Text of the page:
Ah… I think I’m my own worst critic, but I guess that’s a creative thing! I have a few shoots that I think I’ll remain attached to forever, but a lot of the time I ‘go off’ of my work, I start to dislike it or feel a detachment. Honestly, this normally coincides with a drop in my creative confidence; if I take a break from it for too long, I start to doubt my ability. But I guess that’s life, we’re always evolving and growing, so it’s natural to let go. On one hand, when something really works for you, it’s great to pursue it further, but at the same time, holding on to past work too much inhibits you from growing and can make the process feel a bit stale. Saying that, more recently I’ve been going back over old work, considering/appreciating images that didn’t appeal to me as much the first time around; I think it’s healthy to revisit your work with fresh eyes – just don’t dwell on it for too long. 

Photo © Jessica Ross

Written and interviewed by Maggie Gogler

Edited by Sanja Struna

ABOUT THE BODY OF WORK ‘A celebration of black female identity through a renaissance lens’

“The lady whom we saw has not uncomely hair, betwixt blue-black and brown. Her head is cleaned shaped; her forehead high and broad. Her face narrows between the eyes, her eyes are dark. Her nose is fairly smooth and even, that is somewhat broad at the tip and flattened, yet it is no snub nose. Her nostrils are also broad, her mouth fairly wide. Her lips somewhat full and especially the lower lip…all her limbs are well set and unmaimed, and nought is amiss so far as a man may see. Moreover, she is brown of skin all over…and in all things she is pleasant enough, as it seems to us.”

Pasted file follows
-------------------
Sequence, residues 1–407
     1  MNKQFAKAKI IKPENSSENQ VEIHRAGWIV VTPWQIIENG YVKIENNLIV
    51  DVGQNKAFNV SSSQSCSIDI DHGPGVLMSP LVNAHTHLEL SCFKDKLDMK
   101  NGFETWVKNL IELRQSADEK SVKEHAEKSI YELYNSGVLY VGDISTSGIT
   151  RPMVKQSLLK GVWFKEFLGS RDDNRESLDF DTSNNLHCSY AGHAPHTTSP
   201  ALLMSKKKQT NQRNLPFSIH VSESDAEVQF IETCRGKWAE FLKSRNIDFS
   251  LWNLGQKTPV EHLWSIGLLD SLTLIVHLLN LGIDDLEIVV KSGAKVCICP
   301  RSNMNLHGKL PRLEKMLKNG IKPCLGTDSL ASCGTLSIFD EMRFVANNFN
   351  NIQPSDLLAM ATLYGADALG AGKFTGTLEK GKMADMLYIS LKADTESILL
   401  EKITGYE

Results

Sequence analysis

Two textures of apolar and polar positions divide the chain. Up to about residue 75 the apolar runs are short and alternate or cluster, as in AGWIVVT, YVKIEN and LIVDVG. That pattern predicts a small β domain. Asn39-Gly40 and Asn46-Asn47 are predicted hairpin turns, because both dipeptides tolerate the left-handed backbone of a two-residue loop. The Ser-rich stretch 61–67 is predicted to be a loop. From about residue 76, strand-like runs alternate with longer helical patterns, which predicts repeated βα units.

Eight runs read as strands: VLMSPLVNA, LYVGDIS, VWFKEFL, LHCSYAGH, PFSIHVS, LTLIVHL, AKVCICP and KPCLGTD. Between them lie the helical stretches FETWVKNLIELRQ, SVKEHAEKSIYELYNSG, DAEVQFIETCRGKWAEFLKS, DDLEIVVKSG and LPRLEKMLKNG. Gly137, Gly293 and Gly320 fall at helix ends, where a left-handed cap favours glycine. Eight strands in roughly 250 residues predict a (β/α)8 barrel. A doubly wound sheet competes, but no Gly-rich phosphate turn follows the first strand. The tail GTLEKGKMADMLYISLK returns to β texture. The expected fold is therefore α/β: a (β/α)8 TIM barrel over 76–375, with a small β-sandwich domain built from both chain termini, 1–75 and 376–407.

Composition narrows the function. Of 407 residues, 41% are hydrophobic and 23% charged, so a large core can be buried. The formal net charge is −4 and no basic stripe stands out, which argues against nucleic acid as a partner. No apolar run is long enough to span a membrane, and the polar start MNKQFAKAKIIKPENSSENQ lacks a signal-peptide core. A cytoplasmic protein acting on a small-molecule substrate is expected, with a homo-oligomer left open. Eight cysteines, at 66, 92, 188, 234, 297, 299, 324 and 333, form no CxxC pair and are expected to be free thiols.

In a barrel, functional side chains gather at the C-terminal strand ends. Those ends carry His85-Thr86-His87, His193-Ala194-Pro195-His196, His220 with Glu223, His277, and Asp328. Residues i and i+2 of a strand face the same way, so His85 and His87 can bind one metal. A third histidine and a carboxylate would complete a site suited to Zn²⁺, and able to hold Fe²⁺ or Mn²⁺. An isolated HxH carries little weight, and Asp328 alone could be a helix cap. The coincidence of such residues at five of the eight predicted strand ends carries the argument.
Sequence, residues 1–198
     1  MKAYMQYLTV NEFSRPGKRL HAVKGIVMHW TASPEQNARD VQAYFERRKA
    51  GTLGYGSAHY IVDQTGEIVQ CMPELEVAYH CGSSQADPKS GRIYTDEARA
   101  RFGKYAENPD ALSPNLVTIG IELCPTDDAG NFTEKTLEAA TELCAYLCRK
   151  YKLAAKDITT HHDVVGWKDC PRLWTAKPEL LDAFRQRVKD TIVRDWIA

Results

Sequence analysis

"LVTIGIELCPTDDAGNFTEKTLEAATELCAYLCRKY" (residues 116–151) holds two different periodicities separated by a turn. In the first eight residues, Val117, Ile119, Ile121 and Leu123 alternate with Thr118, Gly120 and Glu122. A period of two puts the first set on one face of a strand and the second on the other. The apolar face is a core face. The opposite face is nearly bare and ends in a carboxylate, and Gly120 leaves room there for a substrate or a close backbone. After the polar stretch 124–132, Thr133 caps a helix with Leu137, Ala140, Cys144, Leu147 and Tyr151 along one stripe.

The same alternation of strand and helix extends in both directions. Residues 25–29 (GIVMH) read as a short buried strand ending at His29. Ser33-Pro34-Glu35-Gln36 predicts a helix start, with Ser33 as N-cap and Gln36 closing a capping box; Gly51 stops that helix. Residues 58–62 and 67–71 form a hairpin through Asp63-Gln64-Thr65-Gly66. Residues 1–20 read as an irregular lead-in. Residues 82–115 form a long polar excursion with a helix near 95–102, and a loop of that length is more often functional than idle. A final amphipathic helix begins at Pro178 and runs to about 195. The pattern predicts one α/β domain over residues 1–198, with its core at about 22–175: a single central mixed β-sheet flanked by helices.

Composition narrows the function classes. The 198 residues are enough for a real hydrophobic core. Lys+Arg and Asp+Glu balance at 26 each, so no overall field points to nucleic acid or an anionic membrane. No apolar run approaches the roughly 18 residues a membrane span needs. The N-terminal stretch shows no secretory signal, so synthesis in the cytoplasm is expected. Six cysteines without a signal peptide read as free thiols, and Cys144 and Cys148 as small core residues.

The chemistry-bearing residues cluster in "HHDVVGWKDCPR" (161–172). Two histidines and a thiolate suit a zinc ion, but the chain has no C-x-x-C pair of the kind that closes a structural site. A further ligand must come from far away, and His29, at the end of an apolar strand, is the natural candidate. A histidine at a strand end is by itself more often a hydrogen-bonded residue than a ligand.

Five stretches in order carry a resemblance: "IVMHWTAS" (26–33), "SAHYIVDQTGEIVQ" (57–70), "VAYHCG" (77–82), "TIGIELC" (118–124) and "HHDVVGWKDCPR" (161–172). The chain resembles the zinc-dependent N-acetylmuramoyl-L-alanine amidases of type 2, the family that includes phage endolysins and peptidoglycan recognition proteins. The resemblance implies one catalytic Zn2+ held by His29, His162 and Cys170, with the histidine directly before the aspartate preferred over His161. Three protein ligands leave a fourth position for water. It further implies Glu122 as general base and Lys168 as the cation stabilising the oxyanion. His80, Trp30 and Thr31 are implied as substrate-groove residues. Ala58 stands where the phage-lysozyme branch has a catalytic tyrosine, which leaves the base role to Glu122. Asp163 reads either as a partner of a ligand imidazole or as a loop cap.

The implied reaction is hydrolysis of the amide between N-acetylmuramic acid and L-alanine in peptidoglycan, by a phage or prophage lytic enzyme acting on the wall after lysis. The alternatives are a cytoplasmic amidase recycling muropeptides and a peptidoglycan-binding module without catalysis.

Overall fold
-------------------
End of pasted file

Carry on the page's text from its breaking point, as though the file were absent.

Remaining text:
Bishop Stapledon of Exeter’s report of the future bride of Edward the third, Philippa of Hainault, circa. 1324

Ties, ropes and ribbons … The woven ties of ancestry and family trees are knotted together with patterns and pathways that displace any notion of colour or class. Yet, attitudes towards Afro-Black ancestry within the British monarchy and the pictures painted within our history lessons place a spotlight on white supremacy. It’s rare glimpses, like this description of Philippa of Hainault from the fourteenth century, that illuminate the rarity of women of colour in our history lessons as “pleasant” celebrated and established women. Bound in the ropes of slavery, or the dirty secrets of illegitimate relationships, commonplace representations of women of colour in literature and art from these eras are in stark contrast, which illuminates the ways in which our vision may have been obscured.

Re-imagining traditional renaissance style portraiture and styling with a contemporary twist, this work pays a creative homage to the shrouded and misplaced depiction of black women in western mainstream art.

Casting an eclectic range of young female models of colour, this project also confronts any preconceived notions of beauty. With no post retouching and no constraining pre-criteria for the female form, this is a project that sets out to convey a real representation of women. These images may toy with the ties between history and modern reality today, blurring the lines between fantasy and authenticity, but what is real is their conversation with identity, a conversation Jessica Pierre Ross is an emerging, interesting artist; we met her at this year’s Nasty Women Exhibition – Empowerment in London and chatted about what empowerment means to her personally and about how her photography and other works come to life.